When President Donald Trump selected Ms. Betsy DeVos as the new Secretary for Education, the winds of opposition instantly raged. Critics were concerned about her preparation for national leadership, her knowledge of all levels of education, and her ability to develop appropriate strategic teaching and learning goals that move American institutions forward. Having been in the Secretary seat for a little more than a month, Ms. DeVos is starting to make a mark in particular within higher education.

DeVos makes the community college rounds

On February 16th, DeVos spoke at the 2017 Community College National Legislative Summit, a gathering of community college leaders throughout the United States and beyond.

Held annually in Washington, DC, this event is led by the Association of Community College Trustees and sponsored by the American Association of Community Colleges, two premier, innovative higher education organizations with a history of driving national two year educational initiatives.

During her brief comments, DeVos voiced her support for community and technical education. She reinforced their nimbleness, their entrepreneurial spirit, and their ability to provide numerous pathways that lead students to the education they need to obtain employment in their desired fields. She also reiterated elements from the POTUS' 100 day plan that emphasize the importance of expanding career, technical, and vocational education in order to meet America's growing need for a well-trained and qualified workforce for the jobs of tomorrow.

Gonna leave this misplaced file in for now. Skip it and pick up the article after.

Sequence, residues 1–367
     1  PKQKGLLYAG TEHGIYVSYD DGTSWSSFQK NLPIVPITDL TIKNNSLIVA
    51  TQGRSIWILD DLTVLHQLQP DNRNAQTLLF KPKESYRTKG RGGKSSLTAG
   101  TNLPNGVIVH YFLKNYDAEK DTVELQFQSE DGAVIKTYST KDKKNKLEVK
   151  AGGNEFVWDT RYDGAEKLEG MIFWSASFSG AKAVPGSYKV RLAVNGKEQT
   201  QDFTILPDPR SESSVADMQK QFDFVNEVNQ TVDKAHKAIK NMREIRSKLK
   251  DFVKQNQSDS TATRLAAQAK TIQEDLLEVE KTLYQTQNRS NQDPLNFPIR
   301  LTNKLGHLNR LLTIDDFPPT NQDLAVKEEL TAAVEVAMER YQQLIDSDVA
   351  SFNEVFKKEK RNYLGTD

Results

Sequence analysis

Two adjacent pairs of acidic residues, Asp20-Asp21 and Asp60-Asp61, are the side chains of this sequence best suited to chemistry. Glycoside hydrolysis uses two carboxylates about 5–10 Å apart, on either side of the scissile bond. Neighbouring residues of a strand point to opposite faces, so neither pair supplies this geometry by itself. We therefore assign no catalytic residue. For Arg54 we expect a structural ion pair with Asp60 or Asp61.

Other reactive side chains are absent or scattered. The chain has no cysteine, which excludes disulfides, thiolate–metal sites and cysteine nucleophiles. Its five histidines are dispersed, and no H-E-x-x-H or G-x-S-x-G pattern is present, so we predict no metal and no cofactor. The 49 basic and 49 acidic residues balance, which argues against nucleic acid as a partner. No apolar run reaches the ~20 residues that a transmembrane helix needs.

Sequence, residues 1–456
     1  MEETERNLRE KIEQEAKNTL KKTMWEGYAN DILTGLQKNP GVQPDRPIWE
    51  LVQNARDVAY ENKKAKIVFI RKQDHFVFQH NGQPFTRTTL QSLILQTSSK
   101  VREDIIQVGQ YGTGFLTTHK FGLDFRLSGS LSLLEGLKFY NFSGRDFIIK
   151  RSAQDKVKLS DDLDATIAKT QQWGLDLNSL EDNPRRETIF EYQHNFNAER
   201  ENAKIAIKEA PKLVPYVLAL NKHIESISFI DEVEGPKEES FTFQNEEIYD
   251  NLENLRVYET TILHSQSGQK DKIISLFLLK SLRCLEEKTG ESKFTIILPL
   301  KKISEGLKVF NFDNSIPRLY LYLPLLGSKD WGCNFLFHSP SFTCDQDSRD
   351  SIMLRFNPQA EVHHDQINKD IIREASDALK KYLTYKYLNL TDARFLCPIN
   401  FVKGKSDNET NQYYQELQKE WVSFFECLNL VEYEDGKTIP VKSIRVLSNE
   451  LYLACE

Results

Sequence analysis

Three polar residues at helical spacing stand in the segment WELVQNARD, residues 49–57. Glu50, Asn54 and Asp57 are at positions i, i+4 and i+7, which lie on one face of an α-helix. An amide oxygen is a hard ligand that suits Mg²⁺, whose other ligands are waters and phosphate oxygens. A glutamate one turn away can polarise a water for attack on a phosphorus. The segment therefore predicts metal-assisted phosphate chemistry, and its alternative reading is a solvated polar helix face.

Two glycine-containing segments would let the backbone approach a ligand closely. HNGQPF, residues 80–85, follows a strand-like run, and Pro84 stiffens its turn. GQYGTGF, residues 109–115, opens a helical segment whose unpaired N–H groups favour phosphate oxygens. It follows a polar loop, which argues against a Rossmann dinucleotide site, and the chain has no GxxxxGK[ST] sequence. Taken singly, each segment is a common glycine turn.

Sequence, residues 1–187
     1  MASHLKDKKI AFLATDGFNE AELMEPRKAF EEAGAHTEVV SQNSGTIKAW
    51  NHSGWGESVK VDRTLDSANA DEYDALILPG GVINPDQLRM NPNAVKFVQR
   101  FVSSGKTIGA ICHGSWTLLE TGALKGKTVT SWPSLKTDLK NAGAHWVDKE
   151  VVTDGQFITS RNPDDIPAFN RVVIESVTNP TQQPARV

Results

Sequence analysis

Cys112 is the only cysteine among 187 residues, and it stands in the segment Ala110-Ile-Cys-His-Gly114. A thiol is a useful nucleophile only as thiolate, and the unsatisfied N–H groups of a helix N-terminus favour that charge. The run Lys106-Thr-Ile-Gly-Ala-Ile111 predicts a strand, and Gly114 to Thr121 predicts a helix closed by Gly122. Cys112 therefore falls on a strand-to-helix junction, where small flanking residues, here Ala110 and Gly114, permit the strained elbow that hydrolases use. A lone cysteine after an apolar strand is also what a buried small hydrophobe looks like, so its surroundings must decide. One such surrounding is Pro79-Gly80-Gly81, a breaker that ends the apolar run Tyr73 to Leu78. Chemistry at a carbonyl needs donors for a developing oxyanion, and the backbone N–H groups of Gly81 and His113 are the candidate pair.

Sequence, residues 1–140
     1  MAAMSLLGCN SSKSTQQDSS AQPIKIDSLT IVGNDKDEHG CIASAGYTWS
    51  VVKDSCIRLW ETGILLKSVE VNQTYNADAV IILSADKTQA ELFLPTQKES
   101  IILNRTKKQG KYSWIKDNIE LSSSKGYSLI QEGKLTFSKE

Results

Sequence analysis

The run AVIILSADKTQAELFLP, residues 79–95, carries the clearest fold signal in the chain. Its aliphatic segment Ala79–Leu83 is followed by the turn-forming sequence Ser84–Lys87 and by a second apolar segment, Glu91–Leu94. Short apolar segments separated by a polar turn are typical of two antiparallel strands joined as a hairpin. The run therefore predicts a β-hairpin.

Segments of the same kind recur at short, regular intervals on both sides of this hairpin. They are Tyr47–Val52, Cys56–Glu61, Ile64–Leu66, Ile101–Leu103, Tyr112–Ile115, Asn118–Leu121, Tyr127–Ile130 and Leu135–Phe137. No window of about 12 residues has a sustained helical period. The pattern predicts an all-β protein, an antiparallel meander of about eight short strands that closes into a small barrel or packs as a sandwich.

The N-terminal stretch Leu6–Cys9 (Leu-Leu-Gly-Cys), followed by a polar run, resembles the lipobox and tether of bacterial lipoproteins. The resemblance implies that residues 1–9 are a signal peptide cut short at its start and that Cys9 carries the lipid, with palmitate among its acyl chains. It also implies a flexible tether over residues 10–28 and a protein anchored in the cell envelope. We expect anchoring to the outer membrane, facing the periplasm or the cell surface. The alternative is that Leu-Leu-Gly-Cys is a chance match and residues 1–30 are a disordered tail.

What we learned

American learned that DeVos is entering the educational arena with patience and caution. Her comments - full of positive praise for leaders listening for information about her future plan of action - were brief, broad, basic with an overarching complementary vibe.

She has yet to address any hard or challenging issue facing community colleges and/or higher education today (i.e.

Discuss this news on Eunomia

- financial aid, funding, developmental education, dual credit, or faculty credentials). Of course, with less than 30 days under her belt, the expectation was low. Six months from now, the expectations for DeVos will be much higher.